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In this episode, we discuss the years 413-412 BC of the Peloponnesian War, including the Athenian response to the Sicilian Disaster, the Spartan and Theban devastation of Attic agriculture and commerce from Decelea, the dissolution of the “friendship” between Athens and Persia, the Spartans’ building up of a navy and encouraging of revolts of Athenian


In today’s special guest episode, I am joined by director and screenwriter Esme von Hoffman (Festival of Cinema NYC 2019 Winner for Best Director) for her film, Ovid and the Art of Love. Esme and I discuss her background with Classics and Roman history, what drew her to make a film about the life of Ovid,


The idiom “red herring” is used to describe a distraction from the matter at hand. Literally, a “red herring” is a kipper––that is, a smoked and salted sliced fish––but why would such a fish become an expression for a distraction? In this episode, we debunk a popular myth surrounding the idiom’s etymology by close reading


I’m thrilled to announce that The History of Ancient Greece podcast will be participating once again in the Intelligent Speech Conference, hosted by Roifield Brown and the folks at Agora Podcast Network. It’ll be online this year and not in NYC (for obvious reasons), but y’all should register and attend virtually! Details on how to


“Join in the conversation with TODAY’S guest Ryan Stitt, host of The History of Ancient Greece Podcast! – Today we will be discussing Ryan’s entrance into podcasting, a small segment of our military careers and how that has impacted podcasting, and how podcasting has fundamentally changed both of our lives.”


Of all places, why do we put the “proof” in the “pudding?” Like many idioms whose origins date back several centuries, the connection between the literal and figurative meanings of “the proof is in the pudding” is no longer clear in Modern English. “The proof is in the pudding” is actually a shortened corruption of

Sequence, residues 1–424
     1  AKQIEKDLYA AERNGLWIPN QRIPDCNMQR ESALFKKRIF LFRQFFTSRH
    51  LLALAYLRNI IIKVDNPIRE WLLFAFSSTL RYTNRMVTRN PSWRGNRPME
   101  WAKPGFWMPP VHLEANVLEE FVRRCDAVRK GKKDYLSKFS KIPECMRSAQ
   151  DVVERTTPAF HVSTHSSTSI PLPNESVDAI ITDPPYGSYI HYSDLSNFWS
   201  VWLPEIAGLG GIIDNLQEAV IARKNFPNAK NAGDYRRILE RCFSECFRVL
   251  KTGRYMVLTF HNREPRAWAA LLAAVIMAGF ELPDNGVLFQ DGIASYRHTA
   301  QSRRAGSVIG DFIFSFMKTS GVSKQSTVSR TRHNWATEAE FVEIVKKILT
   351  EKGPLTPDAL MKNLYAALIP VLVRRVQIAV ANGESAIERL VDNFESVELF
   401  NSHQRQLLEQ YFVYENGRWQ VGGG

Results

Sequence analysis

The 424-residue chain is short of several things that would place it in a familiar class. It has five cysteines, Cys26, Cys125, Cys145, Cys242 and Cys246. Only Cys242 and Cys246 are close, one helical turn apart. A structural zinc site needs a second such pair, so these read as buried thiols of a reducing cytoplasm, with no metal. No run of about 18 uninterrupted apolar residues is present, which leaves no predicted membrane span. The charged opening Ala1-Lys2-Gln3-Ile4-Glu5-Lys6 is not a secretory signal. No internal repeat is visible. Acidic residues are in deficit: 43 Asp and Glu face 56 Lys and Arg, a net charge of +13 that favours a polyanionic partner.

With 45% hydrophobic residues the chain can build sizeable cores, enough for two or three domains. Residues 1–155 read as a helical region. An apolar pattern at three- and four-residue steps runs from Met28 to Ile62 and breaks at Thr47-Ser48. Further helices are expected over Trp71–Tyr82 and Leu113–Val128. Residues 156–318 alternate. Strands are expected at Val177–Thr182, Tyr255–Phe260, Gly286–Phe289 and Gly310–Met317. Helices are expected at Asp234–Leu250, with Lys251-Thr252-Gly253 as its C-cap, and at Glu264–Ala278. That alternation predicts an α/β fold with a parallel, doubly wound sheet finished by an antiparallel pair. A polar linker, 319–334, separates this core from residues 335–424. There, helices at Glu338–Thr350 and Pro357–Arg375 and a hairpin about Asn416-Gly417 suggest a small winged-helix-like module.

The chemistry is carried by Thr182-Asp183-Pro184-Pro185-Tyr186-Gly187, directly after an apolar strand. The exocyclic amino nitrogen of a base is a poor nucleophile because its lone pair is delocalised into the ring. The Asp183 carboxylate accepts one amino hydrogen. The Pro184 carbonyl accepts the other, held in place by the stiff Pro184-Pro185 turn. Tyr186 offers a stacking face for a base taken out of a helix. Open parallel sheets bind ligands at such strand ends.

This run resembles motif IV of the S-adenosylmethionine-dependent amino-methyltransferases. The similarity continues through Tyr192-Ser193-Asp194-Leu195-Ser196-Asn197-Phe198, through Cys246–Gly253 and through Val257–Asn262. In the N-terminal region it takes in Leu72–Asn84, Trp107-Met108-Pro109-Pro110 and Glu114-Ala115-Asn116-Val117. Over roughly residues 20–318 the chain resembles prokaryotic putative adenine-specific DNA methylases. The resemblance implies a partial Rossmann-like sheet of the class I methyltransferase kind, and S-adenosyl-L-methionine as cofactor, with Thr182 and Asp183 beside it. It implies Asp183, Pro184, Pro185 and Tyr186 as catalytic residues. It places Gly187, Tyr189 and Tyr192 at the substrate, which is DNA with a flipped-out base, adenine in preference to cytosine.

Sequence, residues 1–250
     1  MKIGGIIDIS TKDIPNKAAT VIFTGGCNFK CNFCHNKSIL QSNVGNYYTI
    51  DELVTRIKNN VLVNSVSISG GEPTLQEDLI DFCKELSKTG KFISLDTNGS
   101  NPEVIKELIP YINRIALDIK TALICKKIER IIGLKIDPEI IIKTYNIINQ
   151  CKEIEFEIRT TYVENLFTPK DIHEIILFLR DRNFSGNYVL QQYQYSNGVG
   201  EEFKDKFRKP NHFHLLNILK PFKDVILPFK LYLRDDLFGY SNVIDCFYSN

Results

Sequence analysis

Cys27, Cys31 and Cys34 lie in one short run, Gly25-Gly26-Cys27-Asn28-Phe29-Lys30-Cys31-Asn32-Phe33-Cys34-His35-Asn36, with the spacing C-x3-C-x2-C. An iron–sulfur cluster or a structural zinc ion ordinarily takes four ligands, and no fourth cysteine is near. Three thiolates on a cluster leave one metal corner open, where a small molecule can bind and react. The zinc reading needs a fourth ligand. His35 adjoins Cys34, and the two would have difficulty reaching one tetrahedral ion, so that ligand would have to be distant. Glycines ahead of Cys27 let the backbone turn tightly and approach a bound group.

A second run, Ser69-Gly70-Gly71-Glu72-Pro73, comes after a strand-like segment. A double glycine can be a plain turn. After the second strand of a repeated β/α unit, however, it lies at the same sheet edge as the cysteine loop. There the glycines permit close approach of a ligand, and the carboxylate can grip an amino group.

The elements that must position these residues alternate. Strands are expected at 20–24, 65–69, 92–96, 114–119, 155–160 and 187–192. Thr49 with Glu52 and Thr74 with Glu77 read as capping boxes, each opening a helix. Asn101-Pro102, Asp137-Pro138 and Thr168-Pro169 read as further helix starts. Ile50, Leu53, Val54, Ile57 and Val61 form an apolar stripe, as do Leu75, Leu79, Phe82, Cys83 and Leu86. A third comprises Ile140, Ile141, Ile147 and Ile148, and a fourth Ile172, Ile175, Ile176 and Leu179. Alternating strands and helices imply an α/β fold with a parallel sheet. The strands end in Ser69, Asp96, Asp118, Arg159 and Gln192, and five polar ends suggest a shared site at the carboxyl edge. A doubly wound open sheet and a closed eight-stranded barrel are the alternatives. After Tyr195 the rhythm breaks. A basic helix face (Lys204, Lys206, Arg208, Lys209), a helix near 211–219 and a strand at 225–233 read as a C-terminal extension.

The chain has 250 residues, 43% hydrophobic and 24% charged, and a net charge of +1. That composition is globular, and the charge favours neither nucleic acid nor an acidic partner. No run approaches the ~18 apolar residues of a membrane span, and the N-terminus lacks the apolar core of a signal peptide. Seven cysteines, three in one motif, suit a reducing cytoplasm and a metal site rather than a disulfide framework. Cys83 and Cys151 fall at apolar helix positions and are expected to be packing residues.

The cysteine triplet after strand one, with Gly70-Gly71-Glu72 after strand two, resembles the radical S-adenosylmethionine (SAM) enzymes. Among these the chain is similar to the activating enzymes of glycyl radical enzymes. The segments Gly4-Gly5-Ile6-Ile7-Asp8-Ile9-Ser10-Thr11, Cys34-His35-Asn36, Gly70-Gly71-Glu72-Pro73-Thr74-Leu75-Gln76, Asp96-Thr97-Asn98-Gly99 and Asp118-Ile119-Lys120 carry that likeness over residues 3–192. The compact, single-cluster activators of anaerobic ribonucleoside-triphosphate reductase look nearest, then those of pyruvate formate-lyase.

In this special guest episode, Dr. Owen Rees and I discuss Ancient Greek land warfare in general with lengthy discussions on the definition of a hoplite, its socio-political importance, and the problems surrounding its chronology and historiographic tradition; the problems with the traditional reconstructive models of ancient Greek battles; the important role of cavalry and light


In today’s episode, I talk with Simon Horobin, Oxford professor and author of “Bagels, Bumf and Buses: A Day in the Life of the English Language,” a book that explores the etymology of common words we encounter every day. In addition to discussing Simon’s latest book, we discuss a range of language topics including the


Lyceum is a new educational audio platform that curates, creates, and builds community around educational audio. You can find Words for Granted there as part of the curated “Words with Friends” collection and join the discussion room to chat with me and other listeners. 


I’m thrilled to announce that The History of Ancient Greece podcast is now a member of Lyceum, a new app that makes it easy to discover great educational podcasts and chat with other passionate listeners. To download it to your phone, go to lyceum.fm or search for “Lyceum” in your preferred “app store”. Then, check


The etymology of “break a leg” is disputed, but some theories hold up better than others. In today’s episode, we look at a handful of plausible explanations for how “break a leg” became theater slang for “good luck” and also bust a few etymological myths surrounding the idiom.  Today’s episode is brought to you by


In this episode, we discuss the year 413 BC of the Peloponnesian War, including the rise of Archelaus to the Macedonian throne, the Athenian attack on the Laconian coastline which technically broke the peace treaty, the defeats by the Athenian army and navy at Syracuse, and the retreat and ultimate surrender of the Athenians, which


Meta Versions! So many versions. The best version of the film: The Ultimate Cut. Setting the scene Ancient Greece after 300. The Peloponnesian War (which Ryan is in the middle ofon his show!). The rise of Philip. Olympias. Philip Putting Macedon at center stage in ancient Greece. Technical and logistical innovations. Planning the invasion of


As we all know, the idiomatic meaning of “apple of the eye” has nothing to do with apples. As it turns out, the origins of the idiom also have nothing to do with apples. In this episode, we look at how the English translation of an old Hebrew expression found in the Old Testament unintentionally


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